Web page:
Gloom and Despondency

I’m so depressed these days that I find it hard to understand how everybody else in Britain isn’t depressed too. Apart of course for those who are selfishly profiting from the present situation; and I should have thought that even some of them might feel a few shivers of apprehension about whither this may be leading us all.

Personally, I have no substantial reason to be depressed, apart from the usual old-age infirmities, and the fact that my latest book seems to have been superseded by events and sunk like a lead balloon. (I pleaded with the publishers to bring it out earlier, but publishing has a dynamic of its own.) Both of those setbacks I’m pretty well reconciled to. I’m not yet seriously affected by rising prices or the demolition of the welfare state, apart from not being able to see a doctor any more (vide supra). I long ago lost my libido, which was a tremendous relief. (No more lusting after women. I could appreciate them for who they were.) I have the love of a good woman, of a dog (it loves everyone), and of my children (I like to think). I have a bolt-hole to escape to, in the much more politically congenial environment of Sweden, although from what Kajsa tells me that congeniality may be under threat from the Swedish Right soon. (They’re aping Priti and Suella over the immigration of refugees, of which I consider myself to be one – a refugee from Brexit. If I hadn’t got my Swedish citizenship three years ago, I might not be granted it now.) I can always move there for good, and leave the toxic UK behind. So, there’s very little to depress me in my personal life. I’m one of a uniquely fortunate generation, country and class, with just enough money to get by on, and no wars that I’ve needed to get involved in: except to protest against. That’s half the trouble: I feel guilty for feeling like this when I have nothing to feel like this about. And that makes me even more depressed.

Concerned friends ply me with cures for my depression: medicines (currently I’m on Fluoxetine – it doesn’t seem to be helping), or healthier food, or more exercise, and in one case ‘magic mushrooms’. (I gave that a miss.) I’ve even tried psycho-analysis – for about a week. No relief.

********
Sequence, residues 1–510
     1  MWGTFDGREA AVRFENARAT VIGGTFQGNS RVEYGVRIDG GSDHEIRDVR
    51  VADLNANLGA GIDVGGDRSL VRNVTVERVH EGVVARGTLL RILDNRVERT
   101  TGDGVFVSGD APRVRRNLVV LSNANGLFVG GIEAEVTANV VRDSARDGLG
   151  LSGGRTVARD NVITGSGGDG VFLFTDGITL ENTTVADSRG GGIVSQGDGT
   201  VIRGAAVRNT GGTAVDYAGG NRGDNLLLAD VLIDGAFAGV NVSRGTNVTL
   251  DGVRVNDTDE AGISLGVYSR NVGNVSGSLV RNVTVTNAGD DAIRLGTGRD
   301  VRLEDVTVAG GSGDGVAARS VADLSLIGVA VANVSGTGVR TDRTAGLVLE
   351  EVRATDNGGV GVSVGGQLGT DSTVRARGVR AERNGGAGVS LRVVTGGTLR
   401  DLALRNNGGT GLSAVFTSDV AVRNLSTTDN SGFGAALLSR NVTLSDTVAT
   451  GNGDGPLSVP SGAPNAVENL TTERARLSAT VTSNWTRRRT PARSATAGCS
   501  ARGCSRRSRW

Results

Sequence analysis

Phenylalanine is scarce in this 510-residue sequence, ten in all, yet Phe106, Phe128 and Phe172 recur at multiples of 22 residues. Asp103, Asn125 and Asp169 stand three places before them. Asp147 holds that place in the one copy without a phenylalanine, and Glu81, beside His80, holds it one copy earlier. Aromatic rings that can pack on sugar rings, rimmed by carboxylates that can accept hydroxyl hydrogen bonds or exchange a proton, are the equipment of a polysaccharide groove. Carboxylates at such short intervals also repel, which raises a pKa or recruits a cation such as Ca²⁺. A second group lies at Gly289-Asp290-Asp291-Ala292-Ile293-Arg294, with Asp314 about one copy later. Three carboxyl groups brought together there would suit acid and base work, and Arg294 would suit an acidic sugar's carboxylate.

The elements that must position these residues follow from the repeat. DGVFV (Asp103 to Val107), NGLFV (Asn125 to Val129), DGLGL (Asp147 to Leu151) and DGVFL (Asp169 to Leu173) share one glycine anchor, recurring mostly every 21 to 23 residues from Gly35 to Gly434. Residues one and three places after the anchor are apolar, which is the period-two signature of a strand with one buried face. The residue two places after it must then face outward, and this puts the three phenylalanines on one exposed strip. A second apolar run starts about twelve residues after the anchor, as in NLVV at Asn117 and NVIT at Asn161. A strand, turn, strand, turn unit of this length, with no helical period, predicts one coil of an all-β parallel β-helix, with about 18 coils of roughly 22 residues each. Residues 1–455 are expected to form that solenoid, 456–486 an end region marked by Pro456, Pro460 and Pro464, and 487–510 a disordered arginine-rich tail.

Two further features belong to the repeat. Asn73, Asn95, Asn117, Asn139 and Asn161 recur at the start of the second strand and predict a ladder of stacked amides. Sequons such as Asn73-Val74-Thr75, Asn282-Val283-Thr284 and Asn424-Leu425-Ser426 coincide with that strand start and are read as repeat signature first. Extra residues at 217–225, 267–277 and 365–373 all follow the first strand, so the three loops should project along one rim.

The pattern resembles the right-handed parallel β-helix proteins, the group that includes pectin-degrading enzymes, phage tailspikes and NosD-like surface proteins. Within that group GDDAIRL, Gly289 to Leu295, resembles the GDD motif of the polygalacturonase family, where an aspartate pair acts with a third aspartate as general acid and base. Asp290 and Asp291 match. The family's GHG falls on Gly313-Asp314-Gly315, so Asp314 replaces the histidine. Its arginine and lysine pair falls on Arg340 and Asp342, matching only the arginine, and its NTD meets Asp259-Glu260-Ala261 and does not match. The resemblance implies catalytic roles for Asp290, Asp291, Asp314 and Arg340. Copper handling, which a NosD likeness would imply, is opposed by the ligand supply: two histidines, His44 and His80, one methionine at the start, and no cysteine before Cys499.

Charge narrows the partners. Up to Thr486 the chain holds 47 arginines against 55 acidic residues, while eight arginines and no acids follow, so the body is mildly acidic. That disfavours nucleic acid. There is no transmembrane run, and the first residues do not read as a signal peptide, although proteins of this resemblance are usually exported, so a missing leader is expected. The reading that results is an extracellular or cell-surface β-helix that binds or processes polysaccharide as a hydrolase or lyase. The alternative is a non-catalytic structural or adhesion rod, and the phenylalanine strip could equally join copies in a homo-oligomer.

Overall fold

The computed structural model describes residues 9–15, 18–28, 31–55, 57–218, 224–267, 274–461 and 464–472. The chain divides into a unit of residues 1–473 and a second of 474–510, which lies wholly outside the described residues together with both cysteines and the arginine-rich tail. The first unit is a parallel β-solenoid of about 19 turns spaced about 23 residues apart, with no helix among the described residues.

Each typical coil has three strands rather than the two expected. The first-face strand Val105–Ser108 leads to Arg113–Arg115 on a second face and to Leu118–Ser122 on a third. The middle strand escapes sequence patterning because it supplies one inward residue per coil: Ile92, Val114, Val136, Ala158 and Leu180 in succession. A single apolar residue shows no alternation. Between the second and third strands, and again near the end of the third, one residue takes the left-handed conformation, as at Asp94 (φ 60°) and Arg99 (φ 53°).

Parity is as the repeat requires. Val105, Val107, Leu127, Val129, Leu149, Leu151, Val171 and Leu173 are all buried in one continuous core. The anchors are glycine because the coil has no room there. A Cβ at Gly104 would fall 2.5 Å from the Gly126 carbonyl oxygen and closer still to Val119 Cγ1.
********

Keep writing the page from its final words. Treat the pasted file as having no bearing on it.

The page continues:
But I’m beginning to feel anyway that this is entirely the wrong approach. It’s predicated on the assumption that depression is an illness, a malfunction, something that has gone wrong in my body or my psyche; whereas I think it may be normal. It’s the happy and untroubled people who are ill. I get irritated by pictures of people looking cheerful, and by anyone joking merrily on TV. The fools! Don’t they know?

We currently have a crazy, malevolent and incompetent government. The popular Press are lying to us. The Russians are coming. Capitalism is about to implode. Britain is in danger of going full-on Fascist, before the earth roasts to a frazzle, and (eventually) plunges into the sun. The Left is powerless, in the face of vested interests, rich capitalist propagandists, and public ignorance. And all folk can do is obsess about royalty (who don’t really matter), football, soap opera stars, and ‘reality’ TV. Or about gender, racism and ‘wokeness’ generally, for the rather more serious.  – But just look around you. We’re doomed!!  Isn’t that enough to make depression the normal and only rational way of reacting to our situation? From which it follows that cheerfulness and apathy are the real ‘illnesses’ of society.

Or is this just for now, when the American mid-terms look ominous, Cop-27 seems bound to fail, the British government is packed with proto-fascists, even Sweden is sliding into reaction, the weather (in Hull) is cold and damp; and I’ve simply got out of bed the wrong side?

As an oldie, I look back fondly nowadays to the 1950s and ’60s, when – whatever our privations, and the threat of ‘The Bomb’ – we at least had hope. (I wrote a piece on this for the Times Literary Supplement, 23 December 2016; republished in my Britain Before Brexit, 2021, chapter 11.) That was under the Labour governments of Attlee and Wilson, and the only slightly less progressive Tory government of Macmillan. Capitalism was tamed. Colonies were winning their freedom. We were about to enter a partnership with our new European friends. Gays were about to be liberated. Things were getting better, for everyone: even workers and women. A sunny future for all beckoned, under social democracy.

It’s this – the loss of hope – that I think is getting me down these days. There seems to be no cure for that. Hence the Black Dog. I hope this post doesn’t spread it to others. That would make me even more depressed.

About bernardporter2013

Retired academic, author, historian.
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2 Responses to Gloom and Despondency

  1. I agree totally, Bernard. Any optimism about the global situation is unwarranted, whereas pessimism and fear are entirely appropriate.
    However, in relation to individual cases of depression, I find it hard to celebrate the loss of libido. If we lose our sense of smell, the fragrance of the flower is lost to us. We cannot fully appreciate what the flower possesses in such circumstances. If we forfeit our erotic receptors, one important dimension of the persons we used to desire is lost to us.
    Pheromones are a source of an elevated mood. Subtract them from our reality and the consequences are negative.

    Liked by 1 person

  2. Gloria Emeagwali says:

    No need to be depressed.Think
    about the major changes taking
    place- from political unipolarity
    to a multipolar world. Rejoice in
    the gym – and thanks for this
    rich archives of commentary.

    Liked by 1 person

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